Presentation on theme: "Using Formal and Informal Language Appropriately"— Presentation transcript:
1 Using Formal and Informal Language Appropriately
2 Everyday life is not like a Grey Poupon Commercial… Most of us remember the Grey Poupon commercials of the 90’s where a man in a limousine is asked for some fancy mustard and replies, “But, of course!” We all inherently know why the commercials are amusing, but we probably haven’t taken the time to actually analyze the reasoning.
3 Art Imitates LifeIn the example of the Grey Poupon commercial, the language of the perceived wealthy man with the fancy mustard is formal in tone, indicating a certain class difference marked by education level, therefore, marketing the mustard toward people of more “sophisticated” tastes.In writing, formal and informal language work in a similar way… to influence tone, which, in turn, speaks to your audience.
4 ToneTone is defined as the writer’s attitude toward the subject matter and his or her readers.
5 AudienceThe audience is your reader or listener– the recipient of your verbal or written communication.
6 Diction Diction is word choice Word choice is important in establishing toneThree levels of diction:1. high or formal diction2. neutral diction3. informal or low diction
7 Characteristic of Formal and Informal Language seriousobjectiveimpersonalreasonedcontrolledreservedInformallighthumorouspersonalcasualoffhanded"loose"plainspokensimple
8 Why does it even matter?Official or serious situations are often signaled by the use of formal language, while ordinary or relaxed situations are signaled by the use of informal language.Formality of language varies in relation to such factors as public versus private occasion, the size of the audience, the relationship of the speaker/writer with the audience, and so on. The ability to vary your language according to the situation is often considered a mark of an educated person.
10 What makes INFORMAL language? Simple grammatical structurePersonal evaluationColloquial or slang vocabulary
11 What makes FORMAL language? Formal language, even when spoken, is often associated with the conventions expected of written standard English.Although you generally don’t worry as much about formality in speaking, it is extremely important in writing because of the knowledge you are recording through the written word.Continued on next slide…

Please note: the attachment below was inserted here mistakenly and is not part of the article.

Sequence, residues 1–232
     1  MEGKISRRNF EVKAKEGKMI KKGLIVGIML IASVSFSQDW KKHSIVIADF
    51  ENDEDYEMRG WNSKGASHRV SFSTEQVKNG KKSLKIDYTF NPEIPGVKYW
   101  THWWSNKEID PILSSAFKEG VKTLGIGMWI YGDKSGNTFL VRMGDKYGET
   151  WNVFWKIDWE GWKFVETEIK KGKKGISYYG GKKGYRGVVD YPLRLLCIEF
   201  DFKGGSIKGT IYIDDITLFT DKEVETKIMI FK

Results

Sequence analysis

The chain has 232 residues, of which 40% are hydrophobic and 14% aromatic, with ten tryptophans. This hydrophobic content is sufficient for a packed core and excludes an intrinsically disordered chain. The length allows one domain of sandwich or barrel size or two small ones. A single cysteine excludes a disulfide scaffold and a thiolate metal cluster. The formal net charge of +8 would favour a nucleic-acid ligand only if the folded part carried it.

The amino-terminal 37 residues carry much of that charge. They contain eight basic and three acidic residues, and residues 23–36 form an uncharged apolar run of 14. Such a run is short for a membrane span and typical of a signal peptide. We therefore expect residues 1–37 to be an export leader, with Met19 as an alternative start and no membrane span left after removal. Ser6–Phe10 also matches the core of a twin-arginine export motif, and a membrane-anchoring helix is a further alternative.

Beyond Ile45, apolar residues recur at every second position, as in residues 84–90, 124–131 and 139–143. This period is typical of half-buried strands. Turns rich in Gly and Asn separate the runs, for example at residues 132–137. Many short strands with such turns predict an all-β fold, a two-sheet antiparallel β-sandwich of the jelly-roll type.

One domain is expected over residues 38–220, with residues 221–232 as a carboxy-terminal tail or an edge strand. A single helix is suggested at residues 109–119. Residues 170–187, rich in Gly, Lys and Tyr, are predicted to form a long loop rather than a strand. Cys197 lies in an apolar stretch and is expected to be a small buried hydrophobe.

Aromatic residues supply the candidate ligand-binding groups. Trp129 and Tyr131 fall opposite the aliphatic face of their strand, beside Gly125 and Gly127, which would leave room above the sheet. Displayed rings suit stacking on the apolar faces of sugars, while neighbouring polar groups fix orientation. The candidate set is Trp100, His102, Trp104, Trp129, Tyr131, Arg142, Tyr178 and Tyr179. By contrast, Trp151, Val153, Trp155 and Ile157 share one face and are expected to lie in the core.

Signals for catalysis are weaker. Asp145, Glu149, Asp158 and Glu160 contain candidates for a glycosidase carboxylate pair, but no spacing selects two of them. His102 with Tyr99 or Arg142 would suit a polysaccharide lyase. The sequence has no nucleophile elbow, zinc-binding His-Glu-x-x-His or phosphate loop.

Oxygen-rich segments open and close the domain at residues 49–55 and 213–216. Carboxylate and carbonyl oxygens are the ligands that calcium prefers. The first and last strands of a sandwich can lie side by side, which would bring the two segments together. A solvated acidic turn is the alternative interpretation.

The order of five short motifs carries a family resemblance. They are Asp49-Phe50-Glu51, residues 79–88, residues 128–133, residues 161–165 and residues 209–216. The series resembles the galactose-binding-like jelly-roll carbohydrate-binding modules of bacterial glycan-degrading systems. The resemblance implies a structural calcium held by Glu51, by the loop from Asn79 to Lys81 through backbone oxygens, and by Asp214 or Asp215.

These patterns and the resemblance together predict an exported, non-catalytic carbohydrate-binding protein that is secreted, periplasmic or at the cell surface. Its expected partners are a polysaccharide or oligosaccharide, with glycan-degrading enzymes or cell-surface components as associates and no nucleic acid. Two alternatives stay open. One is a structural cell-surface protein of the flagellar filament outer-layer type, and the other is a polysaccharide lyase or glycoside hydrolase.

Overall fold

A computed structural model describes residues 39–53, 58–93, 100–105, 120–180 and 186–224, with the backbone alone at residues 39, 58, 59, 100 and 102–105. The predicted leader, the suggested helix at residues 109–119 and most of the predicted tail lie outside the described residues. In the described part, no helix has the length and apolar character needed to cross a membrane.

12 What makes formal language (continued)? Remember… when you are speaking, writing or analyzing language in a formal situation…What makes formal language (continued)?Formal language does not use contractionsAvoids personal pronouns such as: you, I, us, me, and weIncludes more polysyllabic words—BIGGER wordsComplex, complete sentencesAvoidance of colloquial or slang vocabularyImpersonalityA consistent preference for “learned” words
13 What to avoid in formal writing… Remember… when you are speaking, writing or analyzing language in a formal situation…What to avoid in formal writing…Exclamation marksNeedless words like “well” and “you know”First and second person point of viewBeginning sentences with coordinating conjunctionsToo many short, choppy sentences that could be combined to make more complex sentence structures
14 What to avoid in formal writing… Avoid most shortenings in formal writing. In formal English, you talk on the “telephone,” not the “phone”Know what acronyms may be used in your writing. In formal English, you should limit your use of acronyms, abbreviations making use of letters that stand for certain wordsSimilarly, limit your use of absolute terms, such as "everybody," "always," "never"Avoid cliché’s, stage directions and colloquialisms
15 Common Colloquialisms and Informal Words A lot, alotAin'tAlright, all rightAnywaysAnybody, anyoneAsBig, large greatBuyContraptionCould of, would of, should ofCuteFellowFor sureGet, obtainGet, understandGonna, wannaGotHow comeHow do you doHumongousKid
16 Common Colloquialisms and Informal Words Continued Kinda, kind of, sorta, sort ofLetLikeMostOn the other handPrettyReal, reallyShall, will, should, wouldSoThus, thuslyUntil, till, ‘tilUseUse toYeah
17 Formal or Informal?After reading The Red Badge of Courage, it is easy for you to see Crane’s purpose in telling the story.
18 Formal or Informal?Native American literature is rich in cultural information and poetic language.
19 Formal or Informal?Native American literature isn’t rich in Puritain characteristics.
20 Formal or Informal?Native American Literature is oral. It is passed down by word of mouth.
21 Formal or Informal?Everybody knows that Snickers is the best candy bar.
22 Formal or Informal?The field trip participants will meet at the A-Town Wal-Mart.
23 References“Formal/informal language.” 15 October <http://www.arts.gla.ac.uk/SESLL/EngLang/LILT/forminf.htm>.“How to Avoid Colloquial (Informal) Writing.” October <http://www.wikihow.com/Main-Page>.“Tone: A Matter of Attitude.” Capital Community College October <http://grammar.ccc.commnet.edu/grammar/composition/tone.htm>.